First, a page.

“There are no fundamental changes. Perhaps things will be somewhat better for low earners, but this is not a long-term reform addressing Lithuania’s problems,” Žilvinas Šilėnas, president of the Lithuanian Free Market Institute, told BNS.
“On the other hand, I welcome the moderate approach. Given the hasty discussions on alcohol issues, I applaud the government for being moderate and not making hasty decisions. But let’s agree that these are minor changes, rather than a reform,” he said.
Tadas Povilauskas, the chief analyst at SEB Lithuania, said that he would describe the government’s proposals as “the tackling of the current problems and a certain cleansing (of the system)”.
“This is not a reform. These are proposals for improving the existing system. These are more technocratic proposals targeted at small-sized businesses and low-income people. For example, income distribution between labor and capital, a highly topical issue, remains unchanged. The tax burden on medium and higher earners, who contribute the bulk of personal income tax and social insurance revenue, basically is not lowered at all,” he told BNS.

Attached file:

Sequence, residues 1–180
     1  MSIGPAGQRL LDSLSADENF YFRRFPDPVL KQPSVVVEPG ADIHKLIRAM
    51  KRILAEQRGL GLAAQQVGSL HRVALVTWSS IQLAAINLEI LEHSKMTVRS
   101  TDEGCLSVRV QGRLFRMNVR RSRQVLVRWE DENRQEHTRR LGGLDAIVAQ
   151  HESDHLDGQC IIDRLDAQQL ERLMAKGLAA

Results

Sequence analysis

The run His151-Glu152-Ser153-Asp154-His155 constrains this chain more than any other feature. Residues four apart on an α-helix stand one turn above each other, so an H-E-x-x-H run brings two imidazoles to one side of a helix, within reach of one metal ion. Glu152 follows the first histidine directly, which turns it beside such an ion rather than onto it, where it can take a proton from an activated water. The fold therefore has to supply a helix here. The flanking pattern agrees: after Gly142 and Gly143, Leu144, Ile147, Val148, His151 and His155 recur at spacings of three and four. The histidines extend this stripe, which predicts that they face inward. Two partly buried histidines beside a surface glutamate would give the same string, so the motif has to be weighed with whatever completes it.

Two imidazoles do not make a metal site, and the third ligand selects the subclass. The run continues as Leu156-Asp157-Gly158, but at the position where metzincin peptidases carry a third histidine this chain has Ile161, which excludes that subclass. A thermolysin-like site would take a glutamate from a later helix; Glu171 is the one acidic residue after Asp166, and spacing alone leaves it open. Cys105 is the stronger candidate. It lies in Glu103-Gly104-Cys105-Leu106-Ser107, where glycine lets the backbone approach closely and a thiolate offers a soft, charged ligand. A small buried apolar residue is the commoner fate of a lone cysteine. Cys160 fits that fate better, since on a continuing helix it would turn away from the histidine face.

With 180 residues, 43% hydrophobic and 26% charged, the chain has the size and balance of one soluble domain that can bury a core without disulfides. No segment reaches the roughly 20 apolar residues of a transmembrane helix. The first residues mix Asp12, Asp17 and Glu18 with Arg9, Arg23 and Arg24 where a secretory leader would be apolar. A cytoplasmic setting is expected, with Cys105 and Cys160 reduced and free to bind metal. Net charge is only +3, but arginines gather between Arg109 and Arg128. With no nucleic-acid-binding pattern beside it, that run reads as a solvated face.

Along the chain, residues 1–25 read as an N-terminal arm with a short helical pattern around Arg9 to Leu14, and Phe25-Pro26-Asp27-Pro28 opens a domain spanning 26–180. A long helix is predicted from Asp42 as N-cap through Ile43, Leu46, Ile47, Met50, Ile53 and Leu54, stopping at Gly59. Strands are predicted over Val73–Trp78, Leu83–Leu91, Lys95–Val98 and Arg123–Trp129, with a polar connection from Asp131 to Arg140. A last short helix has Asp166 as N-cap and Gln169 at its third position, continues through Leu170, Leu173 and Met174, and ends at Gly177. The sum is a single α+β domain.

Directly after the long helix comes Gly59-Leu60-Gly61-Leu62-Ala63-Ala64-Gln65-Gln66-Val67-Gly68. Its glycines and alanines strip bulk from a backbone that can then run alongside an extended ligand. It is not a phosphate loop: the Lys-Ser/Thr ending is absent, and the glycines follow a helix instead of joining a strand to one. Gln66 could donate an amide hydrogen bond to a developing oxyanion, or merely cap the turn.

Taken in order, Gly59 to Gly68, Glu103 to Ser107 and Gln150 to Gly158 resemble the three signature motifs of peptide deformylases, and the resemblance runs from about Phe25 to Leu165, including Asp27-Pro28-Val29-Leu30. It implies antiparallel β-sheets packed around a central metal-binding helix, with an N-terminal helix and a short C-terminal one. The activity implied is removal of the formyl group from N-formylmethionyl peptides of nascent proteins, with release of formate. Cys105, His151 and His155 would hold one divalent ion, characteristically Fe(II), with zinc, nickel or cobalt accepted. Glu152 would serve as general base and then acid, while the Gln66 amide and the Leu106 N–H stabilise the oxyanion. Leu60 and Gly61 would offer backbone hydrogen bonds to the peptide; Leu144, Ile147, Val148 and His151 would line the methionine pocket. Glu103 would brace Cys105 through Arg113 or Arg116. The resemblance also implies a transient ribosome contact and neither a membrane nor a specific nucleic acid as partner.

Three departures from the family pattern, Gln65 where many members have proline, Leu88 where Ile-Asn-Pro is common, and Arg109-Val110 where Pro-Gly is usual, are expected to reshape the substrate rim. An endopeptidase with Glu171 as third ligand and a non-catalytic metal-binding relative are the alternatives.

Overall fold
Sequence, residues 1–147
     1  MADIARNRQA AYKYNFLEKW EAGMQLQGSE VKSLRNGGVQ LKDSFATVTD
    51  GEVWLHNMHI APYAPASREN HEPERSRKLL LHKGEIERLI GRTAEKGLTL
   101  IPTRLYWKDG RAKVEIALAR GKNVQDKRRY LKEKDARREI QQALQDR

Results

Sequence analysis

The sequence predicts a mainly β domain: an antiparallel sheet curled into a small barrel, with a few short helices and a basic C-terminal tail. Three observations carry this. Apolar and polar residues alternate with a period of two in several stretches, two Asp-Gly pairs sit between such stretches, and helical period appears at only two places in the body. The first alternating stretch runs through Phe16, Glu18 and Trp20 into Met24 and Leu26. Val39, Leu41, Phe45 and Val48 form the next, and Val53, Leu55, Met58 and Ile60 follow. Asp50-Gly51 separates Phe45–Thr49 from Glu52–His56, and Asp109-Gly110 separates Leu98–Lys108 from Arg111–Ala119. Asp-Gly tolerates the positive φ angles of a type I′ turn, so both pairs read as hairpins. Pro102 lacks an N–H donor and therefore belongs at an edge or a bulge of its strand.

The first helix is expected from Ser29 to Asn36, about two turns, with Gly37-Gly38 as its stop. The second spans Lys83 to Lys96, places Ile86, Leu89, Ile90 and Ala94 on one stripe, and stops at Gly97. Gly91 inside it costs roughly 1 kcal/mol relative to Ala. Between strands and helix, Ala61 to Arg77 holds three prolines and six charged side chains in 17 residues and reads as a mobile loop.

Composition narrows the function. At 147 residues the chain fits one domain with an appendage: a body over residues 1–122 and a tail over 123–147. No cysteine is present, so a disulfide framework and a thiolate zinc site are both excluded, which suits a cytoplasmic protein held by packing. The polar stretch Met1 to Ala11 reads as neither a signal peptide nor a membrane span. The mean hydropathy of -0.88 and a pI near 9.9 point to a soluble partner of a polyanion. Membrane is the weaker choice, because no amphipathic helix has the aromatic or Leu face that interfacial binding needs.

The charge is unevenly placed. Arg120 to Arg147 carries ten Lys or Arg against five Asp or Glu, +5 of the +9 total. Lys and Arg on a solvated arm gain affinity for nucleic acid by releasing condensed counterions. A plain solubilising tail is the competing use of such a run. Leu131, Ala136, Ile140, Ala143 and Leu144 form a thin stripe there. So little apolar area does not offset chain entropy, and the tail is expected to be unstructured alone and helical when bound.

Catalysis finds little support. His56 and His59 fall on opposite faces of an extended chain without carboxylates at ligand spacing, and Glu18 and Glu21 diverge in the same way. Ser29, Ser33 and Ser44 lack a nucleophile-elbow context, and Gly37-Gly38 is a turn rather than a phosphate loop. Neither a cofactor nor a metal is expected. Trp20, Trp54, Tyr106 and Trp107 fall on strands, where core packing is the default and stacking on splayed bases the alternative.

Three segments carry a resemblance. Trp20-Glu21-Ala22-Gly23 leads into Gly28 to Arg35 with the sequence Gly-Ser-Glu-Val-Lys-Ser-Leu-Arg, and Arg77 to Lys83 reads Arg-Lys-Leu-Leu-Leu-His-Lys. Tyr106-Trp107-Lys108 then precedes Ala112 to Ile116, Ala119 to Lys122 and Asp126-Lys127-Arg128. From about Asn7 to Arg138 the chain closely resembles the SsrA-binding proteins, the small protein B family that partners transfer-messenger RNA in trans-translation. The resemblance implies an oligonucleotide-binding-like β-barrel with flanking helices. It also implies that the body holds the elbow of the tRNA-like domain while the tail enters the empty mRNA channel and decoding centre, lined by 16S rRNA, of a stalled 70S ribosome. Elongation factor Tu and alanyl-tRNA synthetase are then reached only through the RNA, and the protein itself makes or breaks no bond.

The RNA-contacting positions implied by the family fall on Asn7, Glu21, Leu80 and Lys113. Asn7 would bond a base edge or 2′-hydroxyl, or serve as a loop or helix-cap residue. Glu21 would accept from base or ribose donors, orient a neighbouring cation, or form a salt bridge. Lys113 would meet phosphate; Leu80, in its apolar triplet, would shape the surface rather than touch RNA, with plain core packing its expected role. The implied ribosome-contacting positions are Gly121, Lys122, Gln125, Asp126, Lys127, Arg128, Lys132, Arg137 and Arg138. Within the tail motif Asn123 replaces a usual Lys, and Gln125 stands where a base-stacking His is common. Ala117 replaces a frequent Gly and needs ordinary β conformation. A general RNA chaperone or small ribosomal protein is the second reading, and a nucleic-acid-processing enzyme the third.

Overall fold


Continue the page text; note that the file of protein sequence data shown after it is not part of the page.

“However, as far as I understand, the aim was to reduce social exclusion and income inequality. Then yes, this is being done,” he added.
Swedbank Lithuania’s chief economist Nerijus Mačiulis also said that the proposed changes would significantly reduce the tax burden on low-income people.
“This is a significant reduction of the tax burden, but, in the current form, it is only relevant to people with the lowest income. Therefore, in the future (the government should) look for possibilities to lower the burden on medium-income families as well,” he said in a comment to the media.
For the proposed tax system changes to take effect in early 2018, the Seimas should discuss and vote on them during the fall session in tandem with next year’s budget.